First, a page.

|| IPM5830 |
|| THE THEORY AND PRACTICE OF INTERNATIONAL POLITICAL COMMUNITY |
|| 2003/2004 |
|| Professor Andrew Linklater |
|| Semester 2 |
| Course delivery
|| Seminars / Tutorials || 1 x 2 hour seminars per week |
|Assessment Type||Assessment Length/Details||Proportion|
|Semester Assessment|| Essay: 1 x 3,000 word ||40%|
|Semester Assessment|| Essay: 1 x 5,000 word ||60%|
|Supplementary Exam|| Students may, subject to Faculty approval, have the opportunity to resit this module, normally during the supplementary examination period. For further clarification please contact the Teaching Programme Administrator in the Department of International Politics.|| |
On completion of this module, students will have a sophisticated understanding of contemporary thinking about political community. This will involve the development of interdisciplinary skills, since the literature on Sociology and Political Theory will be considered along with the recent International Relations literature.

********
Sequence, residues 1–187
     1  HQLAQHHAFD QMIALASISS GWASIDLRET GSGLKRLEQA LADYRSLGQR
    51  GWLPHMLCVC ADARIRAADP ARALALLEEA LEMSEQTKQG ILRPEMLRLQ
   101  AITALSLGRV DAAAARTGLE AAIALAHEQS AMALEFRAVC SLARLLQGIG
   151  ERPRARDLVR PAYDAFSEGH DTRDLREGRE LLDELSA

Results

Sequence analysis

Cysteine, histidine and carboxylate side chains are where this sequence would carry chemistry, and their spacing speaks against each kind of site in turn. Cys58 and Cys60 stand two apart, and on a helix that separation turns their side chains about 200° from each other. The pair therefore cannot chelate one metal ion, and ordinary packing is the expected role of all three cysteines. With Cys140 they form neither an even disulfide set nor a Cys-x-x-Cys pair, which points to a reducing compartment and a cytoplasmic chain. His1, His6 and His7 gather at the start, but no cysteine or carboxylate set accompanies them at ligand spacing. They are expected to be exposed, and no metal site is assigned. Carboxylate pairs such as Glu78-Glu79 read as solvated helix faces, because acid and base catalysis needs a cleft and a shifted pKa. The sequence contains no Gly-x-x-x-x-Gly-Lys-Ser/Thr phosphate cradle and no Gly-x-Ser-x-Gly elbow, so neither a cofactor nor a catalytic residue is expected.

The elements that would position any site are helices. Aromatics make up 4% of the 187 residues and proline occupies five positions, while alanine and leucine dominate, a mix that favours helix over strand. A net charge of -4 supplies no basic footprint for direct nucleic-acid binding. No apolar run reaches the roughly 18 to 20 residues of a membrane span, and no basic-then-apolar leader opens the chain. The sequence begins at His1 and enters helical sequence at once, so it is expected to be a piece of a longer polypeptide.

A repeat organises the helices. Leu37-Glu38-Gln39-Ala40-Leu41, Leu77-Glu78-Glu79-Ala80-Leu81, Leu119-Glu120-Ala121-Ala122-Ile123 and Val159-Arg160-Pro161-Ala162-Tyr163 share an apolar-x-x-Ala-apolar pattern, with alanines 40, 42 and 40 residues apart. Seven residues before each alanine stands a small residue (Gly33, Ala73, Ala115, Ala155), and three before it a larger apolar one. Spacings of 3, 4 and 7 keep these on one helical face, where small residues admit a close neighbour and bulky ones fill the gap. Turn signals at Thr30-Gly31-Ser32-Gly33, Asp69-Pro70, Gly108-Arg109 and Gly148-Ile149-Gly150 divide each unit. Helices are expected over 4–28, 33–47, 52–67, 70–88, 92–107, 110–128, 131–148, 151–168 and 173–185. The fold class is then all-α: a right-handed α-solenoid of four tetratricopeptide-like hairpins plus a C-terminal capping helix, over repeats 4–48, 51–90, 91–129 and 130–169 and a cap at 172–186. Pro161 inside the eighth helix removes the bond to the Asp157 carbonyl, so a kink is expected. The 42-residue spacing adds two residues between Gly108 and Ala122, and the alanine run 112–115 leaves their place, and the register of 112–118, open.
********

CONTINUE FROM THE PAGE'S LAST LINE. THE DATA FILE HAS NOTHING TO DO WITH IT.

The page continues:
The primary aim of this module is to provide students with an advanced understanding of recent thinking about the future of domestic and international political community.
Seminars will introduce students to normative, sociological and praxeological reflections on how political communities are changing in the context of globalisation and demands for ethnic or cultural recognition. A central theme will be how far modern political communities are progressing in making unnecessary suffering a moral problem for the world as a whole.
The module begins by considering normative ideas which have been central to recent thinking about the transformation of political community. The main ideas are cosmopolitanism, notions of discourse and dialogue, and respect for human differences. The module then considers sociological analyses of the development of moral ideas in world politics. Particular attention will be paid to the thinking of Norbert Elias and Martin Wight. The concluding section considers how contemporary notions of justice are being used to imagine improved forms of political community.
Students will acquire teamwork and communication skills by preparing joint seminar presentations. Skills in conceptual analysis and the ability to use these to reflect on concrete issues facing modern political communities will also be developed.
D Archibugi, D Held and M Kohler (eds) (1998) Re-Imagining Political Community
Polity Press, Cambridge
A Linklater (1998) The Transformation of Political Community
Polity Press, Cambridge
This module is at CQFW Level 7